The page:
Over the years, there have been many sonification projects. We have tried to gather all the space sonification sounds from the web and organized them under solar system bodies. Each image above links to a page with sounds from data gathered around our solar system.
Sounds of Space Tutorial
This presentation is about waves that occur naturally in outer space. In particular, waves in audio frequency band, and outer space being the Earth's magnetosphere and the magnetospheres of other planets.
Data collected from the Michelson Data Imager (MDI) is used to record the oscillations on the solar surface caused by acoustic waves inside the Sun, which are then translated into audible 'singing'.
A collection of files that were created by Marty Quinn, using data gathered by the SEPICA instrument on ACE. More information on the data used and the methods employed will be posted soon! For now, listen to the Solar Symphony. If using Windows Media Player, we recommend setting the "musical colors" to "Aurora".
Heliosphereic Radio Emissions
Sonification of data from the Plasma Wave Instrument (PWI) on Voyager-1 from the University of Iowa.
A short introduction about these phenomena from Professor Don Gurnett's archive of favorite space sounds. Whistlers originate from lightning that travels along magnetic field lines from one hemisphere to the other. A sound sample of Earth whistlers can be found here.
Earth Proton Whistlers
A short introduction about these phenomena from Professor Don Gurnett's archive of favorite space sounds. Proton whistlers result from the Earth whistlers described above, and differ from the lightning-induced whistlers in tone. A sound sample of Earth proton whistlers can be found here.
A short introduction about this phenomenon from Professor Don Gurnett's archive of favorite space sounds. Chorus waves are produced by electrons traveling along the Earth's magnetic field lines in the van Allen radiation belts. A sound sample of Earth whistlers can be found here.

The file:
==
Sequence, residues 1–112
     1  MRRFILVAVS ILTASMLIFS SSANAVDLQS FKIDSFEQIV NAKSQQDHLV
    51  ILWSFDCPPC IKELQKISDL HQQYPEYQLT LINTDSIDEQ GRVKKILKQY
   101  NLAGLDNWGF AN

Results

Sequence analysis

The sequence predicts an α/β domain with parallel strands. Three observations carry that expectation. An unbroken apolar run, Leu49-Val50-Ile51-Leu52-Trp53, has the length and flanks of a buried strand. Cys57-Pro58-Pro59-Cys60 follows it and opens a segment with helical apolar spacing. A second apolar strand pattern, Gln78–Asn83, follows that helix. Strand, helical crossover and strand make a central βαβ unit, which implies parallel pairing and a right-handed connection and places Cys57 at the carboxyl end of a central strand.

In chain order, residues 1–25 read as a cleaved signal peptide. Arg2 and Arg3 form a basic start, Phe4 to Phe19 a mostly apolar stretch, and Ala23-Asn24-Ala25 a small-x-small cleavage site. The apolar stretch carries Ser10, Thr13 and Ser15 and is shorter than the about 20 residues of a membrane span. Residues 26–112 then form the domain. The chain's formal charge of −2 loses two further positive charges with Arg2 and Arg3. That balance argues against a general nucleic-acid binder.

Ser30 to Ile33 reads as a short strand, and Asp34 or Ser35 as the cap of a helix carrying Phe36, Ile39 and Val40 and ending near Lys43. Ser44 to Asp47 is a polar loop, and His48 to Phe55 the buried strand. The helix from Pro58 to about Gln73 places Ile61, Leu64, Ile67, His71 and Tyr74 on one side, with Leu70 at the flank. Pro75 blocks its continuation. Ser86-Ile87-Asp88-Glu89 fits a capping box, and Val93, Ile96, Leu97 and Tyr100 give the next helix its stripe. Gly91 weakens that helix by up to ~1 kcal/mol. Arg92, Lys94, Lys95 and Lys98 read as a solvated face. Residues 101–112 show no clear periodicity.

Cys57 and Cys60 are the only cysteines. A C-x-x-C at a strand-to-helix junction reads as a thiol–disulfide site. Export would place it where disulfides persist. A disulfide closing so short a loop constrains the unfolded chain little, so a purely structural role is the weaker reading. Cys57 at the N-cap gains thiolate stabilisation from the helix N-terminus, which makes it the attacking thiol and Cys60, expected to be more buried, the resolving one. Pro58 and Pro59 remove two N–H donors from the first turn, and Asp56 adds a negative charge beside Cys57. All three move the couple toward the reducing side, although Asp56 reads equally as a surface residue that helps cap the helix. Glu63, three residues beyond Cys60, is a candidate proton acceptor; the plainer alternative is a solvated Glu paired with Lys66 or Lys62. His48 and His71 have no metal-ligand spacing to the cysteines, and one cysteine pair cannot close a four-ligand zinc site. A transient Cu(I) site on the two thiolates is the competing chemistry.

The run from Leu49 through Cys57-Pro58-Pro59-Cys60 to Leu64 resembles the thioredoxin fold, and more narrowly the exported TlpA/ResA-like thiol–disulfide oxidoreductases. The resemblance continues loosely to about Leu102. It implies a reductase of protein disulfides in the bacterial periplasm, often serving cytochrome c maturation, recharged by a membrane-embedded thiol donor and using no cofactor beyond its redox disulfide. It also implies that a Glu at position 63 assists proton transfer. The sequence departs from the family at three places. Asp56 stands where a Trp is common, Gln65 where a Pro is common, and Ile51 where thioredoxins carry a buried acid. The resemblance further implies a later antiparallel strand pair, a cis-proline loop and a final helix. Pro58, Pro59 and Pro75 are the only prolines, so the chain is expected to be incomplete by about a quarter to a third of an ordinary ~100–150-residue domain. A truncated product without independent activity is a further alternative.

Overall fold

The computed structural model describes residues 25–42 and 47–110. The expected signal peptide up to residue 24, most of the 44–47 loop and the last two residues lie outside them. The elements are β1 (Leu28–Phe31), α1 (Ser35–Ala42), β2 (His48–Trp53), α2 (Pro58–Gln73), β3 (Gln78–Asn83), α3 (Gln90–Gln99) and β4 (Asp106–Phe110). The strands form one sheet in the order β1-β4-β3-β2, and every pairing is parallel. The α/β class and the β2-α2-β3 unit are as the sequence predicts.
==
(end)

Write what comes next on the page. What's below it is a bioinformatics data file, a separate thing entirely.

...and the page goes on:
Earth Auroral Kilometric Radiation (AKR)
A short introduction about this phenomenon from Professor Don Gurnett's archive of favorite space sounds. AKR radio waves are connected to the "Northern Lights" or aurorae. Studies from the University of Iowa suggest that the same electrons that strike the Earth's atmosphere causing the aurorae are the source of AKR. A sound sample of Earth whistlers can be found here.
POLAR Plasma Wave Investigation (University of Iowa)
Satellite data from PWI studying plasma waves above Earth's polar regions are translated to produce sounds of the magnetosphere. Spectrograms, sound examples, descriptions of phenomena can be found on the site.
Natural very low frequency (VLF) radio signals in the Earth's magnetosphere and aurorae, also known as 'Natural Radio', can be heard using ground-based receiving equipment. 'Natural radio' is affected by solar cycles, solar wind, and other 'space weather.' This VLF sonification can also be found here.
INSPIRE Project (Goddard Space Center)
INSPIRE "Interactive NASA Space Physics Ionosphere Radio Experiments" is a non-profit organization that provides radio receiver kits for high schools so that students can listen to earth-based natural radio phenomena. Both basic and advanced sound examples can be found on the INSPIRE page.
Mars Water Ice and Carbon Dioxide Ice
This program presents a musical composition created using actual ice data from Mars. You will see visual animations "showing" this data with maps and graphs and hear musical instruments "playing" this data with variations in pitch and volume.
A short introduction about these phenomena from Professor Don Gurnett's archive of favorite space sounds. Whistlers can be found emanating from Jupiter's magnetosphere. A sound sample of Jovian whistlers can be found here.
A short introduction about this phenomenon from Professor Don Gurnett's archive of favorite space sounds. Chorus waves are generated in the radiation belts by electrons traveling along Jupiter's magnetic field. A sound sample of a Jovian chorus can be found here.